Ok, how cool is it that the Sr. Cpl. of Dallas SWAT has the last name of Houston:)?
It was anything but a typical bust for Dallas’ SWAT team on Saturday.
Officers, in full gear and armed with pry bars, stormed into Carlton Marshall’s house near Lancaster to carry out an extra-special mission.
“Hit it!” yelled Ty Pennington, host of the ABC reality TV show Extreme Makeover: Home Edition.
The cameras rolled as the SWAT team smashed their fellow officer’s toilet and tore down a wall to demolish the house so the show and local builder Cheldan Homes can build him a new one.
Marshall, who suffered disabling injuries after being shot in the neck during a 2007 drug raid, went on vacation with his family while crews started work to build him a larger house that is wheelchair-accessible.
The project got started Saturday with the demolition, as SWAT team members hooked chains from their vehicle to the back of the house.
“Let’s pull this thing down!” Pennington yelled as window frames and parts of a wall crashed to the ground. Bulldozers finished the job, stirring clouds of dust.
It was a wrap.
Earlier that morning, the officers spent a couple of hours filming a scene in which they rode with Pennington through Marshall’s backyard in two military-style SWAT vehicles. Two police SUVs followed, lights flashing. A police helicopter zoomed overhead to heighten the effect.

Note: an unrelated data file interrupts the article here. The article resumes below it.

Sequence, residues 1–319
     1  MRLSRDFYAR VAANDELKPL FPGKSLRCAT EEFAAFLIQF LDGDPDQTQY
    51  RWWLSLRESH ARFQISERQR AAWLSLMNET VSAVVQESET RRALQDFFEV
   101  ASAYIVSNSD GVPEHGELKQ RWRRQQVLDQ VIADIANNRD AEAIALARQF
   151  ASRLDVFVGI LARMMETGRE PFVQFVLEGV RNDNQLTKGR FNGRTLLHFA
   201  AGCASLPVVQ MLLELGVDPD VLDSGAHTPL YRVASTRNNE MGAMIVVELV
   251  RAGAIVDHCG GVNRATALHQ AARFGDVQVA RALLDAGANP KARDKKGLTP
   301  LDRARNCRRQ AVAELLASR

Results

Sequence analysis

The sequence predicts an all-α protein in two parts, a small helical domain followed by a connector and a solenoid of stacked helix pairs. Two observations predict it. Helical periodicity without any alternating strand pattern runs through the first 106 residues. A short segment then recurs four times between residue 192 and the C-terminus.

Each time the SWAT team rolled close to the house, assistant director Mike Connelly cued a crowd of volunteers by the house to cheer.
“If you could be there, hooting and hollering,” he said through a loudspeaker. “We love the energy of this raucous crowd.”
The officers, who wore 20 to 30 pounds of dark gear as temperatures climbed toward 100 degrees Saturday morning, said they were thankful to be able to volunteer to help their friend.
“It means a lot for our team,” said Senior Cpl. Tim Houston. “We can only do so much for Carlton.”
Houston said he was glad the new wheelchair-accessible house would help the officer, who suffered spinal cord injuries, do more things for himself. The finished product also will have a specially designed physical therapy center.
“We’re all SWAT guys, we’re independent, and it’s hard to be dependent on your family,” Houston said. “He just wants to do simple things like get the kids out of bed or do the laundry.
“Hopefully this makes his life a lot more enjoyable and makes it easier on his family,” he said.
As the filming went on Saturday, a dozen or so spectators stood nearby in a fenced area. The filming transformed Marshall’s neighborhood, where people ride horses down the street, from its typical quiet country scene.
“This is the most action this street has ever gotten,” 12-year-old neighbor Christian Stewart said.
Visitors had to pass through three security points. About a dozen trailers were parked on what is typically open prairie. Dozens of cars were parked in a field. Several portable toilets were delivered for all the crews.
But the excitement will only last a few more days. By this morning, crews expected to have the foundation poured and the frame installed. On Monday, volunteer Dallas police officers will set the stone exterior. On Thursday, the Marshalls will return to see their new home.
Several of the officers recorded messages, videotaped by Pennington, for Marshall to watch when he returns.
“I told [Carlton], Susan and the kids to come on home, because we’ve got a new one for you,” said Senior Cpl. Kevin Seng.